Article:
Dr | Postdoctoral Research Scientist and Lab Coordinator3362 0129
Emily has a first-class honours degree in Psychology and was recently awarded her PhD in Psychiatric Epidemiology at the University of Queensland. She worked at the Queensland Centre for Mental Health Research for several years on a wide array of topics, including mental health disclosure among people with first-episode psychosis, adolescent population surveys, and carers of people with mental illness. She has a keen interest in early intervention and prevention and her PhD research, in particular, investigated the relationship between psychotic-like experiences and self-harm in adolescents. The results should help inform the best allocation of resources into the prevention and management of self-injurious and suicidal behaviour among young people who report psychotic experiences. In her current postdoc role at QIMR Berghofer, she manages a broad portfolio of work on youth self-harm and suicide prevention research.
In addition to her research work, she has been actively involved in tutoring undergraduate and medical students, as well as working for national mental health NGOs. In 2018, she worked at Beyond Blue as a Project Manager on promotion and prevention initiatives, including a national public health campaign that aimed at improving the community’s understanding of anxiety. Her research and project management work to date has been connected by a common goal of improving the mental health of Australians, particularly young Australians.
2016-2020: PhD Candidate, Faculty of Medicine, The University of Queensland
2019-2020: Academic Tutor, School of Public Health, The University of Queensland
2018-2019: Project Manager of Mental Health Literacy, Beyond Blue
2013-2018: HP3 Research Officer, Mental Health Policy and Epidemiology Group, Queensland Centre for Mental Health Research
Emily manages a portfolio of work focused on youth self-harm and suicide prevention research. This body of research is focused on the public health approach to suicide prevention and is inclusive of epidemiological, psychometric, and lived experience approaches.
One of her core projects is funded by Suicide Prevention Australia and will be the first study on the regional variability of self-harm and suicide attempts, and their related risk and protective factors, in Australian adolescents. The project team will be combining insights from spatial analyses of national data, and the voice of lived experience. They will be going out to different local communities to hear from young people themselves. In doing so, this project is expected to provide critical evidence that will inform targeted, local youth suicide prevention efforts. https://www.suicidepreventionaust.org/emily-hielscher/
More broadly, she works across a range of youth mental health research projects undertaken by the Child and Youth Mental Health Group, including ones focused on measuring and fostering positive mental health.
2021: Being commissioned by The Wellcome Trust to lead a team to build on the evidence base for the next generation of treatments and approaches for youth anxiety and depression. We were one of 21 teams selected through an international selection process by the Wellcome Trust to undertake this piece of work.
2020: Being awarded an Innovation Research Grant from Suicide Prevention Australia. This national funding supports researchers at all stages of their career and is intended to help generate new knowledge about suicidal behaviour, and the provision of greater insights on the interruption or prevention of suicidal behaviour.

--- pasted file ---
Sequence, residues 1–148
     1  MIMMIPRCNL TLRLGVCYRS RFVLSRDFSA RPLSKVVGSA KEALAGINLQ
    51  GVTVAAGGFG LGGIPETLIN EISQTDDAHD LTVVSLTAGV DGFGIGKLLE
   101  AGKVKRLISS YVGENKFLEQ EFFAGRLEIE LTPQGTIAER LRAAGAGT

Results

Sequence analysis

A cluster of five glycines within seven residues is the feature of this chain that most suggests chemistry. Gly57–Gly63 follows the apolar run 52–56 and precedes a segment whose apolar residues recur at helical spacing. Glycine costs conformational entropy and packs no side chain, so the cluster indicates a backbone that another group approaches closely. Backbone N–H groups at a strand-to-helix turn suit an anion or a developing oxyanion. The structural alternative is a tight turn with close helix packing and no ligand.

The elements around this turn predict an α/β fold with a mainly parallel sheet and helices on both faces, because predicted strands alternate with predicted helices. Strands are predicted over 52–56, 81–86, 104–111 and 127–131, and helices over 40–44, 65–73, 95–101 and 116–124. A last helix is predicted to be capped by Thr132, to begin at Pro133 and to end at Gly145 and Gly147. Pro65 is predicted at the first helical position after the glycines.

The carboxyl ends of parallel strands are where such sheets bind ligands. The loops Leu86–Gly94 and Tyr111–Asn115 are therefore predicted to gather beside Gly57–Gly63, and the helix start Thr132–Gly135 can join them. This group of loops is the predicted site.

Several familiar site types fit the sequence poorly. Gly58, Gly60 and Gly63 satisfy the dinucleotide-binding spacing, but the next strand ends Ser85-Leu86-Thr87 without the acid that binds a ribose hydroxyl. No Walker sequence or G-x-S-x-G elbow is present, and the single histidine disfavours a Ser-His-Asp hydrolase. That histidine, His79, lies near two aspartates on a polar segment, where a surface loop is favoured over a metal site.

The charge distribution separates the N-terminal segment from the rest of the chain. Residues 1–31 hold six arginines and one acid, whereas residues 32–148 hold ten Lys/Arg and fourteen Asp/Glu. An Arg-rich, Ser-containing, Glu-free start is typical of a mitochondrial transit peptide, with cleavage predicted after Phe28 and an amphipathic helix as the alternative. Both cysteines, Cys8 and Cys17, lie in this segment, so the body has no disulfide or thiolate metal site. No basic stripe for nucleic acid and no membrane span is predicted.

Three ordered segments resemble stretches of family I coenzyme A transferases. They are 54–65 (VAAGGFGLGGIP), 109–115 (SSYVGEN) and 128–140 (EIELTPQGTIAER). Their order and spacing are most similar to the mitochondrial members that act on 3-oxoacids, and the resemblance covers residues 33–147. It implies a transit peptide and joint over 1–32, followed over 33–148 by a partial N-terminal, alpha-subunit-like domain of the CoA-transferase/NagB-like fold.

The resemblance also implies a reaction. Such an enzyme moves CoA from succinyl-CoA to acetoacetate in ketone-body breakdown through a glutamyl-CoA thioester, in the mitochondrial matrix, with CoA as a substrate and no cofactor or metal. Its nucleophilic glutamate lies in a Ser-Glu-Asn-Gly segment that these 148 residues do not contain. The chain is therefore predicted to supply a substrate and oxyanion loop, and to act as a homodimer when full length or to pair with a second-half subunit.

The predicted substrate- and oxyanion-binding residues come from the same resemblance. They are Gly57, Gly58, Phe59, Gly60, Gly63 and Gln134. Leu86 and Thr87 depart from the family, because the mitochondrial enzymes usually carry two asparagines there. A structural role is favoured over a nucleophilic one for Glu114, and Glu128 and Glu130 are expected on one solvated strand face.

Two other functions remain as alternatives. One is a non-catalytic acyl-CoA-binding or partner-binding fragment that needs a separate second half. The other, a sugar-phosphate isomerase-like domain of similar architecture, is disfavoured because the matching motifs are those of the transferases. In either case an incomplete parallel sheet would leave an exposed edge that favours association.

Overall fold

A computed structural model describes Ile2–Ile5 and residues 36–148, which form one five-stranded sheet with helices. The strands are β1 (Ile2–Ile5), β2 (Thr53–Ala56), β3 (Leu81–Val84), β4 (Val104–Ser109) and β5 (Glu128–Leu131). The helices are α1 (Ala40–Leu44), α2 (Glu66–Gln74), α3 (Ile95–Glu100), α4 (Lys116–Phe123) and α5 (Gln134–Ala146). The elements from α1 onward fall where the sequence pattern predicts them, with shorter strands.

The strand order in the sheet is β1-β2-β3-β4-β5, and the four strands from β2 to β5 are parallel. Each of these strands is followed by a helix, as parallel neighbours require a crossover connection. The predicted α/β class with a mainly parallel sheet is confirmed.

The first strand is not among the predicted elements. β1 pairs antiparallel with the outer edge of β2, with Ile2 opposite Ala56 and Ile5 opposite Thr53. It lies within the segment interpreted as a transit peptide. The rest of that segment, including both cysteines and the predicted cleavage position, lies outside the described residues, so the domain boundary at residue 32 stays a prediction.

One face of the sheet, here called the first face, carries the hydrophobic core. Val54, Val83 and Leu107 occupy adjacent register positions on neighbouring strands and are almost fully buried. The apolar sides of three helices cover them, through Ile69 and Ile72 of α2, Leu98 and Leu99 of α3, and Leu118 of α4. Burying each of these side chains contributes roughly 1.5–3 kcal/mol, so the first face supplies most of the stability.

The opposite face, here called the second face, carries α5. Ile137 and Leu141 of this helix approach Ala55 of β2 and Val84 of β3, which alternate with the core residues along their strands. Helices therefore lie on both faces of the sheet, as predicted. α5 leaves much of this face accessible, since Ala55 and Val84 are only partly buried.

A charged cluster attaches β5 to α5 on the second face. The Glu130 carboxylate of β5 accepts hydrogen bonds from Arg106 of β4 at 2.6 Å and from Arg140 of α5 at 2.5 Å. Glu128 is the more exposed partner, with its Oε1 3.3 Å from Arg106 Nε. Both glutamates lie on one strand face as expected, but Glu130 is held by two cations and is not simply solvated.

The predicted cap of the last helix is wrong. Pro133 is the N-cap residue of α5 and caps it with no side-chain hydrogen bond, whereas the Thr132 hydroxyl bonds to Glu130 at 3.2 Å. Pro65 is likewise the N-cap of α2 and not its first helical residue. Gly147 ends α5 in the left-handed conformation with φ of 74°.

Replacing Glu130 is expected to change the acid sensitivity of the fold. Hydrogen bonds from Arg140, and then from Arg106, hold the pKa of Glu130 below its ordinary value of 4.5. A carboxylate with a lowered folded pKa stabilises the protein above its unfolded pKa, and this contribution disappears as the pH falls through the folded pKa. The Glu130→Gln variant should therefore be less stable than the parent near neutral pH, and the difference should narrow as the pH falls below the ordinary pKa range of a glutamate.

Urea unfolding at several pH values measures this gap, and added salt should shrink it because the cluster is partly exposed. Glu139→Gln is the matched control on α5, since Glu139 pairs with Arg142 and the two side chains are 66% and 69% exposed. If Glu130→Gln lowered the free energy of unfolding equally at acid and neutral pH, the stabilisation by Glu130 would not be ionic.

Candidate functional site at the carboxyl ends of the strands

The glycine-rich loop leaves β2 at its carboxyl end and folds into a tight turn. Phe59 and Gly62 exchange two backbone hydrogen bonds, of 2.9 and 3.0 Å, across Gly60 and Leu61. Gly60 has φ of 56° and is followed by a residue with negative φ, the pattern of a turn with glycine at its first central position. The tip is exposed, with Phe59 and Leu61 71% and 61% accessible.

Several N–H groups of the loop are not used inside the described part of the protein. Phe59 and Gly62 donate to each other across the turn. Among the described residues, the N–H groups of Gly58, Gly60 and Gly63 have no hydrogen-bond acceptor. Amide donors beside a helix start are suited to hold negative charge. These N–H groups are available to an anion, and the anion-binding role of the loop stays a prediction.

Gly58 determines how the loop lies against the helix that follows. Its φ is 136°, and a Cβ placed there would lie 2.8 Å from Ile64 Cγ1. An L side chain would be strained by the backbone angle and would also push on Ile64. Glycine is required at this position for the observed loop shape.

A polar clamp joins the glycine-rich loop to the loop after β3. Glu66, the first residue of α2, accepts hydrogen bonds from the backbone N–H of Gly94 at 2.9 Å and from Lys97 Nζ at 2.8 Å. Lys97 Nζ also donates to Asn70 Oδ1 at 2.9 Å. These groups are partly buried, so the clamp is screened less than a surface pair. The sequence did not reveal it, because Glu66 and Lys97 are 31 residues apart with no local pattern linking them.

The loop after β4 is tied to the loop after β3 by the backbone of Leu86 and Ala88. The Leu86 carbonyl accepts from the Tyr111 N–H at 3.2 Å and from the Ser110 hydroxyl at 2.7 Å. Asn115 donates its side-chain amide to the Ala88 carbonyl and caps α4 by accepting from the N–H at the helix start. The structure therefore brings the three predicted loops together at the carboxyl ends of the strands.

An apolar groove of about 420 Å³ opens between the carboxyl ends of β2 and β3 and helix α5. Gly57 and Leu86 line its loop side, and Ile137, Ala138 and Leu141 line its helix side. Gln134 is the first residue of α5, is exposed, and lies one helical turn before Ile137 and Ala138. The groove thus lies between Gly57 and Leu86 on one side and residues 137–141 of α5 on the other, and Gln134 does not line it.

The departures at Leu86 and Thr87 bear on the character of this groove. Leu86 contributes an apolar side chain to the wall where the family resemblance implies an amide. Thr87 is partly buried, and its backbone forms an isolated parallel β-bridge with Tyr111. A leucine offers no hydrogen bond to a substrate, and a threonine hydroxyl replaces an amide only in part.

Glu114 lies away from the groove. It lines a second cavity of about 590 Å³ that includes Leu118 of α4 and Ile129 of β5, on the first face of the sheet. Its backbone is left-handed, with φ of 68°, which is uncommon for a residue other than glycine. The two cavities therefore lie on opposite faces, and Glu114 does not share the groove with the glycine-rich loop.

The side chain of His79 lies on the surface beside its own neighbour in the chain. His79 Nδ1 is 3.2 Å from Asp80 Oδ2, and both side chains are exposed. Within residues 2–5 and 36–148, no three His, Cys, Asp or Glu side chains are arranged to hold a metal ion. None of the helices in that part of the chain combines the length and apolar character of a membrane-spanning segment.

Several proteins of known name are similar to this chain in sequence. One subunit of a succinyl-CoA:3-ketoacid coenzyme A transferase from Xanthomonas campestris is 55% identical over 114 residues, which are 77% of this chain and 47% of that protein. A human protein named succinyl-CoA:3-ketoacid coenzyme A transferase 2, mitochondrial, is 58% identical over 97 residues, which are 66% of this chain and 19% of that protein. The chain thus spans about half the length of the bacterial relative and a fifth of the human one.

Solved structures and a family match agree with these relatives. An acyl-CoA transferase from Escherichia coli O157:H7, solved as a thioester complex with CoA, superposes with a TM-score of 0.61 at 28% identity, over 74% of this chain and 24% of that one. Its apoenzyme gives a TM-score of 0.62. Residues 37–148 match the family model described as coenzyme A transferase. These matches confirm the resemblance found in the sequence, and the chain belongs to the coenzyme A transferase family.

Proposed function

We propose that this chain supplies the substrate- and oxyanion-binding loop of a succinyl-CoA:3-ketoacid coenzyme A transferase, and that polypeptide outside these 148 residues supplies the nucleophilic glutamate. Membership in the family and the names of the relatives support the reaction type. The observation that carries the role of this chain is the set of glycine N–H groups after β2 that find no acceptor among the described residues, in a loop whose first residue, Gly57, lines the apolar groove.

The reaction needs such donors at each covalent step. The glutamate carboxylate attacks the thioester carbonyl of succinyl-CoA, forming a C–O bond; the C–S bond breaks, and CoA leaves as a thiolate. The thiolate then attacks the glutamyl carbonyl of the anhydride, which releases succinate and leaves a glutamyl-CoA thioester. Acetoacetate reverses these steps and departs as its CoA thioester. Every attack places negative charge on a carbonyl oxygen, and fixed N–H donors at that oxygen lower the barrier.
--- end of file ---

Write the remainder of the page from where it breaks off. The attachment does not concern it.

2019: Lead author on the first systematic review on the relationship between self-harm and negative body image (and other bodily experiences) in adolescents. This was published in the prestigious international journal, Neuroscience & Biobehavioral Reviews. Hielscher, E., Whitford, T. J., Scott, J. G., & Zopf, R. (2019). When the body is the target – representations of one’s own body and bodily sensations in self-harm: A systematic review. Neuroscience & Biobehavioral Reviews, 101, 85–112.
2019: Lead author on the first national publication on hallucinatory and delusional experiences in Australian adolescents, and their relation to non-suicidal self-harm, suicide attempts, and other negative psychosocial outcomes. Hielscher, E., Connell, M., Lawrence, D., Zubrick, S., Hafekost, J., & Scott, J. G. (2018). Prevalence and correlates of psychotic experiences in a nationally representative sample of Australian adolescents. Australian and New Zealand Journal of Psychiatry, 52, 768–781.
2016: Part of the team that published the first national report on the economic value of informal mental health carers. This work prompted the launch of Caring Fairly, a national campaigning coalition. Diminic, S., Hielscher, E., Lee, Y.Y., Harris, M., Schess, J., Kealton, J. & Whiteford, H. The economic value of informal mental health caring in Australia: summary report. Brisbane: The University of Queensland; 2016
2014-2015: Development and implementation of a tool designed for young people with first episode psychosis, to support their mental health disclosure decisions in the workplace. Hielscher, E., & Waghorn, G. (2015). Managing disclosure of personal information: An opportunity to enhance supported employment. Psychiatric Rehabilitation Journal, 38(4), 306–313.
2019-Current: International Association of Suicide Prevention
2018-Current: Suicide Prevention Australia
2018-Current: Society for Mental Health Research
2017-Current: Australian Epidemiological Association
2017-2019: Australian Psychological Society
2012-2016: Australasian Cognitive Neuroscience Society
2020: PhD in Psychiatric Epidemiology, The University of Queensland
2013: Bachelor of Behavioural Science (Psychology, Hons 1), Queensland University of Technology
2012: Bachelor of Behavioural Science (Psychology)/Bachelor of Applied Science (Human Movement Studies), Queensland University of Technology